Thu, 05 May 2011
From: The Jakarta Globe
By Dion Bisara, Shirley Christie & Camelia Pasandaran
Indonesia expects the United States to more than double investment in Southeast Asia’s largest economy to capitalize on the stable political climate and growing economic clout.

“I expect [US investment] to be steady at between $1 billion and $2 billion per year,” Gita Wirjawan, chairman of the Investment Coordinating Board (BKPM), said on Wednesday. “Foreign investment from the United States could double this year and in the years to come to up to $2 billion.”

Gita was speaking on the sidelines of this year’s International Conference of the Overseas Private Investment Corporation in Jakarta. OPIC, an independent US state agency that mobilizes private investment in emerging nations, finishes its two-day conference at the Shangri-La Hotel today.

Gita cited US companies that already had their eye on Indonesia, with Coca-Cola to open $500 million bottling plant, while Caterpillar may invest $300 million to $500 million to open a heavy machinery factory.

“It’s currently being discussed, but Coca-Cola’s plan is more immediate than Caterpillar’s, which expects some fiscal incentives,” he said.

Foreign direct investment from the US in Indonesia soared to $930 million last year from $171.5 million in 2009, according to data from the BKPM, making it the third-largest investor in the country after the United Kingdom and Singapore.

Scot Marciel, the USambassador to Indonesia, also said he was confident that American investment to Indonesia would exceed $1 billion this year.

President Susilo Bambang Yudhoyono called on US investors to team up with Indonesian companies to capitalize on the opportunities.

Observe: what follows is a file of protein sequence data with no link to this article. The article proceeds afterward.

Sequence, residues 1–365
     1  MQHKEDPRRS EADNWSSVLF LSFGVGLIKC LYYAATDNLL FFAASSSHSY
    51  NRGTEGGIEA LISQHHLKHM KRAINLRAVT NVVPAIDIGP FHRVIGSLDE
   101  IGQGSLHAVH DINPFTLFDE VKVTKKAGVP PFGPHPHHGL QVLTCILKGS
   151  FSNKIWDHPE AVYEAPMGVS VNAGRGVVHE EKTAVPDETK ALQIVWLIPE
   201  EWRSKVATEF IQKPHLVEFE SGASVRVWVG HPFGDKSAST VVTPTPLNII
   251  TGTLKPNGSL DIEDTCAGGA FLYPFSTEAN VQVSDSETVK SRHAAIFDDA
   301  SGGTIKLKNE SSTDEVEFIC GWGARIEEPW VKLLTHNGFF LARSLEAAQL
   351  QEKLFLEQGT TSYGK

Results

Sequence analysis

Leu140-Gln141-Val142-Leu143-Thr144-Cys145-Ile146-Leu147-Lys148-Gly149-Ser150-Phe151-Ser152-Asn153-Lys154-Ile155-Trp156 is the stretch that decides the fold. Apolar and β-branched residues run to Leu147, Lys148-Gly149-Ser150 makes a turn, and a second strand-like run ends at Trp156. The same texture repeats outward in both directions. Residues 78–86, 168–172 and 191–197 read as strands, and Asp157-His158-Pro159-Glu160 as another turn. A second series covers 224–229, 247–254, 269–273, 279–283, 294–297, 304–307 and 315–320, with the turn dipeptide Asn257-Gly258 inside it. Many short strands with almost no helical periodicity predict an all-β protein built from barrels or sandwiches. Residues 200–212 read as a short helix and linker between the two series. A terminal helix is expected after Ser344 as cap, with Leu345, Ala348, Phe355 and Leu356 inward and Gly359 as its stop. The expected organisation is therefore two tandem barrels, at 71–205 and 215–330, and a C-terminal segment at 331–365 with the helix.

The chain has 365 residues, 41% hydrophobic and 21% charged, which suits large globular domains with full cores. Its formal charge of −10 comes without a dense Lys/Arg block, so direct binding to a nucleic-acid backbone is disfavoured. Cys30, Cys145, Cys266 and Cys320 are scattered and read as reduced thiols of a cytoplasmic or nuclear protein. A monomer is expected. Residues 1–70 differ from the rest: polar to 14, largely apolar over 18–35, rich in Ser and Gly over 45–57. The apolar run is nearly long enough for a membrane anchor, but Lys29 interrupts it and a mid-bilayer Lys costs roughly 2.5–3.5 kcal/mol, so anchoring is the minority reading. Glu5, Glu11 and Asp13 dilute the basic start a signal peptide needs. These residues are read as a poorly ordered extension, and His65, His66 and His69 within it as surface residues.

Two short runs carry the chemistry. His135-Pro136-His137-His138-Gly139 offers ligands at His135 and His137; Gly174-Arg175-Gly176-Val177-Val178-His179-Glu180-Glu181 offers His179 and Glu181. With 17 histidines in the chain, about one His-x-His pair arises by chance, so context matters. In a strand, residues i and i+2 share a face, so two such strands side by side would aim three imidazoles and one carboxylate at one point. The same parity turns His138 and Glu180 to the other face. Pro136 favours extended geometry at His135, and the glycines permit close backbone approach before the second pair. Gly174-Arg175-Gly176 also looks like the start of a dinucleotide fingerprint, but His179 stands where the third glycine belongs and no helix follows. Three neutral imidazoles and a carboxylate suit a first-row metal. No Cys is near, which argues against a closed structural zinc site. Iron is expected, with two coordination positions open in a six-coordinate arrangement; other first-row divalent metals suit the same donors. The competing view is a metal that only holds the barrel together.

“You can take part in the development of our six growth corridors that we are now designing,” the president said. “You can take part in infrastructure and connectivity projects across the country. You can enter into joint projects to develop our industries, not just within the mining sector but also in manufacturing and services.’’

Under the country’s economic development blueprint - dubbed the Master Plan for the Acceleration and Expansion of Indonesia’s Economic Development [MP3EI] through 2025 - six regions in the country are designated as main economic corridors. Sumatra will be developed as an agricultural and national energy center, while Kalimantan will focus on mining and energy, Sulawesi-North Maluku on agriculture and fisheries, Bali-Nusa Tenggara on tourism and supporting national food self-sufficiency, Papua-Maluku on natural and human resources, and Java on industry and services.

Yudhoyono said US investors should be “persistent and patient” if they want to invest in Indonesia.

“We don’t expect to [have] an immediate return, but if you wait, it will be very fruitful,” he said.

Elizabeth Littlefield, president and chief executive of OPIC, said the agency offered facilities to US investors looking for partners abroad and vice-versa.

OPIC can provide financing for any project, without limits, as long as a US entity owns at least 25 percent of the equity. “US investors don’t have to be the majority [shareholder],” she said, declining to give an estimate of how much investment will come to Indonesia.

OPIC has $13 billion invested in projects worldwide, but only $76 million of that has been channeled into Indonesia so far.



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